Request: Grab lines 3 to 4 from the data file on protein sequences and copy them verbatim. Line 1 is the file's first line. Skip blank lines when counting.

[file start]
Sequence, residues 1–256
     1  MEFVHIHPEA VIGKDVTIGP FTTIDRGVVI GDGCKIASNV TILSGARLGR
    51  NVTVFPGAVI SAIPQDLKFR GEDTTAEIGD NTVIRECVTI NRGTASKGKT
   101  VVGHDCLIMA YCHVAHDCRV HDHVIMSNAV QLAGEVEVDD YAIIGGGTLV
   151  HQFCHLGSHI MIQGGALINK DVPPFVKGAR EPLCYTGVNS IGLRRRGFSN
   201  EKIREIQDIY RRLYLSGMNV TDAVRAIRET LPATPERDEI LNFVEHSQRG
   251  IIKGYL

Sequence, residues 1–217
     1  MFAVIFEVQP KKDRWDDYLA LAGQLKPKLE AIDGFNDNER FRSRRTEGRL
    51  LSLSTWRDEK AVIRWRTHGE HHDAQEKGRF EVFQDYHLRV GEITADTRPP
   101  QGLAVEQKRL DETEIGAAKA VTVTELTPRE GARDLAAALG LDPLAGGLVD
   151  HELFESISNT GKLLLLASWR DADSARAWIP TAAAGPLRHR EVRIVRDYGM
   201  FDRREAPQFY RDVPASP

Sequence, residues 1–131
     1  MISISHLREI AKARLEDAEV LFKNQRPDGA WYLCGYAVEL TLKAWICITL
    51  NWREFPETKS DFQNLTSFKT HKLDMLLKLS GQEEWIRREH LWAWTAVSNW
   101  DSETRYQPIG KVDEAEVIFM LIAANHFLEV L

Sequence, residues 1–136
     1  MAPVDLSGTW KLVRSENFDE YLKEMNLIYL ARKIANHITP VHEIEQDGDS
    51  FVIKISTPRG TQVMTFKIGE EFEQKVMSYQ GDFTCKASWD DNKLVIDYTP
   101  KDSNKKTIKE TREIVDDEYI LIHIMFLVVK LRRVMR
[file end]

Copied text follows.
    51  NVTVFPGAVI SAIPQDLKFR GEDTTAEIGD NTVIRECVTI NRGTASKGKT
   101  VVGHDCLIMA YCHVAHDCRV HDHVIMSNAV QLAGEVEVDD YAIIGGGTLV